B12

Hi, I'm looking for advice on b12. I have been experiencing a sharp pain in my chest area since October with dizziness, light headed, poor memory, irritable, bad eyesight & my balance is sometimes off. On the second visit to the doctors they did blood test & called me the following day to tell me my results were fine apart from my b12 which is low at 124, but I am not anemic. She said my red blood cells are enlarged so they don't carry enough oxygen? Does this sound correct? They told me I would need b12 injections of 6 shots in the first 2 weeks then 1 a month for a year. I've moved house & can't drive so I asked if I could register with a new doctor that I can walk to & have the injections there. They said I could as long as I do have them. In between the three week wait I started taking b12 suppliments. When I booked an appointment at the new doctors she told me I would need 1 injection a month which is not what the first doctor said. I requested another blood test to see if my b12 level had increased with the suppliments. I've just received a phone call from her & she said that the lab won't do another b12 test as the first one is valid for 88 days do they have to go off that. She I don't need injections as my red blood cells are not enlarged & to have another blood test at the end of April. I'm confused with the conflicting information from the two doctors going off the same blood test results? I'm a vegetarian so don't eat meat so are the suppliments enough to boost the b12?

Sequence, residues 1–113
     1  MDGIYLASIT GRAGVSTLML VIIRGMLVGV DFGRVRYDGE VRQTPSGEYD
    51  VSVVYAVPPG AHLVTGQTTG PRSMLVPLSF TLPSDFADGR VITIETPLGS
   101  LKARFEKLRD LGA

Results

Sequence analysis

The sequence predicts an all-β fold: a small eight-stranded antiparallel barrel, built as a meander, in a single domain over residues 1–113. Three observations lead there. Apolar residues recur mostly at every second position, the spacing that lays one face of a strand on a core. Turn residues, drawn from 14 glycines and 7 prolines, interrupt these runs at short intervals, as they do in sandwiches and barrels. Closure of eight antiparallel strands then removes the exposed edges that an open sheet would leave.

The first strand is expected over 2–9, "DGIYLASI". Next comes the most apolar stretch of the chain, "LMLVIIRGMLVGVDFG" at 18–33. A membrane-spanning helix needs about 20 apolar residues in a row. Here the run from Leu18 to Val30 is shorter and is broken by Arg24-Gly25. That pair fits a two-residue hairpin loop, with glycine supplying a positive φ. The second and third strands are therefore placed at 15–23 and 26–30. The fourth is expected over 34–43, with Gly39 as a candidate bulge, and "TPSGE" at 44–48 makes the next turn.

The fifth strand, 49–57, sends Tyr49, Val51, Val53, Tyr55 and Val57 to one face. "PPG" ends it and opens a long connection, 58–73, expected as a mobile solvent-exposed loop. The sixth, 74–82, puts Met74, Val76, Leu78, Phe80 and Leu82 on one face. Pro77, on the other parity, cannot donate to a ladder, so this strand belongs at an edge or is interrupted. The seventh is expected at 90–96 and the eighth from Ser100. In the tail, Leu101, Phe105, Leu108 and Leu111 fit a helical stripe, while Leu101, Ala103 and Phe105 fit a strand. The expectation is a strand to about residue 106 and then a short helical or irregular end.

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  • Hi Dobbins. Hello and welcome.

    Your first doctor is right. Low vitamin B12 can cause large red blood cells (macrocytic anaemia) and the treatment for B12 deficency is B12 injections. (6 x loading doses on alternate days and then an injection every three months). But...also wrong because...

    You have neurological symtpoms so you should be on a more intensive regieme of B12 injections - after the loading doses it should be an injection every other day until no further improvement - for up to two years. (I'll put some links in at the bottom of this reply - there's a symptom checklist in there somewhere so,you can see exactly what neurological symtpoms are). Your GP may not know about this regime. It's important that you have this regime to prevent potentially irreversible neurological damage. All the guidelines state that treatment with this regime should begin immediately if neurological symtpoms are present. Look for the UKNEQAS B12 Treatment Alert in the links below - print this off and show it to your GP - it's an instruction to treat immediately where neurological symptoms are present. (Also see the BNF Treatment Guidelines in the links below).